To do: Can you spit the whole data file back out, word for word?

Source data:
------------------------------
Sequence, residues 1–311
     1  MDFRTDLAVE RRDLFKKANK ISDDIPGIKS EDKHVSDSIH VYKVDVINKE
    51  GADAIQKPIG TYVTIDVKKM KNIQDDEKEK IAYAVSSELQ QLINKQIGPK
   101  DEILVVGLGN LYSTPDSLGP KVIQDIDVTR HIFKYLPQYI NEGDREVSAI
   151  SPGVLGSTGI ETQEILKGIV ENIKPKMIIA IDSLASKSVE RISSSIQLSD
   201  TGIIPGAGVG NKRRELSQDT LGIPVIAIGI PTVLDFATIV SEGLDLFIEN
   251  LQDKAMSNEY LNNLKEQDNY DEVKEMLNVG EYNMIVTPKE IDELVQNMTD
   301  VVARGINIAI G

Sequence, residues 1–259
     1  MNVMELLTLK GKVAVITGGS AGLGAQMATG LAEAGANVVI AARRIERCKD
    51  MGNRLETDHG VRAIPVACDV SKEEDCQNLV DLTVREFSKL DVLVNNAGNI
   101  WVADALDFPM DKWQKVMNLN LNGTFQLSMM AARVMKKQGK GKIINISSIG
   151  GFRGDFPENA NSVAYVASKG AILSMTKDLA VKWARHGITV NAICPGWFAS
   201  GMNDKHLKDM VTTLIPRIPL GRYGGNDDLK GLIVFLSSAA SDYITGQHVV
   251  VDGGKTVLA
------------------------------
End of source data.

Sequence, residues 1–311
     1  MDFRTDLAVE RRDLFKKANK ISDDIPGIKS EDKHVSDSIH VYKVDVINKE
    51  GADAIQKPIG TYVTIDVKKM KNIQDDEKEK IAYAVSSELQ QLINKQIGPK
   101  DEILVVGLGN LYSTPDSLGP KVIQDIDVTR HIFKYLPQYI NEGDREVSAI
   151  SPGVLGSTGI ETQEILKGIV ENIKPKMIIA IDSLASKSVE RISSSIQLSD
   201  TGIIPGAGVG NKRRELSQDT LGIPVIAIGI PTVLDFATIV SEGLDLFIEN
   251  LQDKAMSNEY LNNLKEQDNY DEVKEMLNVG EYNMIVTPKE IDELVQNMTD
   301  VVARGINIAI G

Sequence, residues 1–259
     1  MNVMELLTLK GKVAVITGGS AGLGAQMATG LAEAGANVVI AARRIERCKD
    51  MGNRLETDHG VRAIPVACDV SKEEDCQNLV DLTVREFSKL DVLVNNAGNI
   101  WVADALDFPM DKWQKVMNLN LNGTFQLSMM AARVMKKQGK GKIINISSIG
   151  GFRGDFPENA NSVAYVASKG AILSMTKDLA VKWARHGITV NAICPGWFAS
   201  GMNDKHLKDM VTTLIPRIPL GRYGGNDDLK GLIVFLSSAA SDYITGQHVV
   251  VDGGKTVLA